1.    Don’t let anyone be the only one talking about diversity in hiring. Bring it up. All the time. The industry has spent the last few years copying Buzzfeed’s headlines. Maybe we should look to its instructions on hiring too. Ben Smith tells his staff: “The final interview round should never just be several straight white men.”

 

  1.    Women and minorities actually run the internet. Let’s break it together. Some of this is the nature of identifying with and sharing content – women understand shareability and emotional resonance of content more than any other group I have worked with. Much of the internet is a tribal place and that imperative we had once upon a time – to tell stories from the inside out is the only way.

 

  1.    Use metrics. In a highly fractured media landscape, strong, deeply engaged niche audiences hold unique social power — they cause virality, they spark movements. Diverse teams help us us tap into those ideas before they hit the masses. It is the only way we can be competitive. When it works, show the newsroom Chartbeat. Show who is showing up.

 

  1.    Bring people into your living room. One of the changes we have seen in tone and presentation is that accessible and conversational news performs much better. When I was at Quartz, I would tell people that I wanted our commentary section, which I launched and oversaw, to feel like you were listening to someone in their living room with no filter. Race is one of those filters. How do we let people into the ways we really are talking and thinking? Isn’t that more accurate journalism?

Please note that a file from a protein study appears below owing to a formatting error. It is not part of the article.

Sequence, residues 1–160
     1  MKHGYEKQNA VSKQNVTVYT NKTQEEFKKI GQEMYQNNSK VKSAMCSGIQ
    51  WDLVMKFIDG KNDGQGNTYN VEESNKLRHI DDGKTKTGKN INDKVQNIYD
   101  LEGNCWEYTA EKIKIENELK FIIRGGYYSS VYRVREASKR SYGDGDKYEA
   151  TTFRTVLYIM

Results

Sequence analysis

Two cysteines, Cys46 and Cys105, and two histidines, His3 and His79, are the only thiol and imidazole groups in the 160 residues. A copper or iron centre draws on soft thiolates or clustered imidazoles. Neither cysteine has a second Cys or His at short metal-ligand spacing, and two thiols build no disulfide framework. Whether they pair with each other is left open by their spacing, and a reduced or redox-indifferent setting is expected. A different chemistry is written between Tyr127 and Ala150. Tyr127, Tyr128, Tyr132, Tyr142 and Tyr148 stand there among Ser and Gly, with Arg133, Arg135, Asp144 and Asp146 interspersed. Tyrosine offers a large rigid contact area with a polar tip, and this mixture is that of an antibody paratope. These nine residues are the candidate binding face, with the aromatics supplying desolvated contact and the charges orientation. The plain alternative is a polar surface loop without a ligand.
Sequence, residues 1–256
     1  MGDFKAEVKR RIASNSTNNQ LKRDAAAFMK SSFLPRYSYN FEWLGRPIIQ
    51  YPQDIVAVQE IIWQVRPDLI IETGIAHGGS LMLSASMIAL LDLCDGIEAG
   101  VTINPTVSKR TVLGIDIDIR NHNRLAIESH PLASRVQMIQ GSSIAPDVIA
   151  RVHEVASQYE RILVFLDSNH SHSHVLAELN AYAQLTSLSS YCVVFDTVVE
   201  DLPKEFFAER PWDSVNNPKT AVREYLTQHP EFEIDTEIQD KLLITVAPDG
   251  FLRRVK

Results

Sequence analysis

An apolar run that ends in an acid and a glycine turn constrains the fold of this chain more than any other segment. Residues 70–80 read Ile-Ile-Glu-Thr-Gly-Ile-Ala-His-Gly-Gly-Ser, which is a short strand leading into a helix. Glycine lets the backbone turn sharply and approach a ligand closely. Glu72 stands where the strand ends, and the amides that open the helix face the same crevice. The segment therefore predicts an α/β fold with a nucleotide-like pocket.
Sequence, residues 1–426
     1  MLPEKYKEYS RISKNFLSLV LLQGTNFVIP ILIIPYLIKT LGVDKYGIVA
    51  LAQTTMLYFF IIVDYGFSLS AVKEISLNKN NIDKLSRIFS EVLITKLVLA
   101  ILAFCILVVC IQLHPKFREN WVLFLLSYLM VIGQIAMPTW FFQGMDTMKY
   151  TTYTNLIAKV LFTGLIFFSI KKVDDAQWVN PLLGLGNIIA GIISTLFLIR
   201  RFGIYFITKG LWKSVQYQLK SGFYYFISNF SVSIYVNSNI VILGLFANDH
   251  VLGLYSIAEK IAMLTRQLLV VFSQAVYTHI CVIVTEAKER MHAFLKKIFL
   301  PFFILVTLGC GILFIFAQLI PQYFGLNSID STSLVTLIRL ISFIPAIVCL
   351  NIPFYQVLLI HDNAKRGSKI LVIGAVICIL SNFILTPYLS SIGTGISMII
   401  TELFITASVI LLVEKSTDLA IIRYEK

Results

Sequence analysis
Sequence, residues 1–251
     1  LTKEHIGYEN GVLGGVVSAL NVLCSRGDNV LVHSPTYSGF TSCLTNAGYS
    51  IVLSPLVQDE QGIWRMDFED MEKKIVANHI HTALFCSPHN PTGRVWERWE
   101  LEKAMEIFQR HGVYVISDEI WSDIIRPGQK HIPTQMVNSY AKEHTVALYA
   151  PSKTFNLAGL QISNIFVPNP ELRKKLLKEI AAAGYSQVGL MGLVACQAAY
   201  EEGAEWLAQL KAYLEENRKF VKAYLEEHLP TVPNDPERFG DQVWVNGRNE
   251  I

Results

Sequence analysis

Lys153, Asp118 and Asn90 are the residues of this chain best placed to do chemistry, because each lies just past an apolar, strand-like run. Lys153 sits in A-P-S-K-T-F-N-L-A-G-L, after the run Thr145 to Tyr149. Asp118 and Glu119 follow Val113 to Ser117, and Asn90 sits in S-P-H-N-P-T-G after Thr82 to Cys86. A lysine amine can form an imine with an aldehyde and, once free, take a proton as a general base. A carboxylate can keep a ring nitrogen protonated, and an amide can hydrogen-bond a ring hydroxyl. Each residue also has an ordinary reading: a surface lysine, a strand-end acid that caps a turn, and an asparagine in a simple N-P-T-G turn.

I had asked a few of you on Twitter and Facebook what you wanted me to talk about. We are going to open it up to questions in a bit but I picked three that felt important.

 

This one is from Twitter handle @radioradical. How to make newsrooms welcoming, nurturing space for minority journalists?

A mentor of mine told me you could stealthily try to advocate for diversity in the newsroom or you can wear it on your sleeve. I do the latter.

You can ban phrases like “We just can’t find the talent” and “Nobody applied.”

I encourage you all to read what “This American Life’s” Stephanie Foo wrote this week. It’s a manifesto on diversity at work through the lens of public media.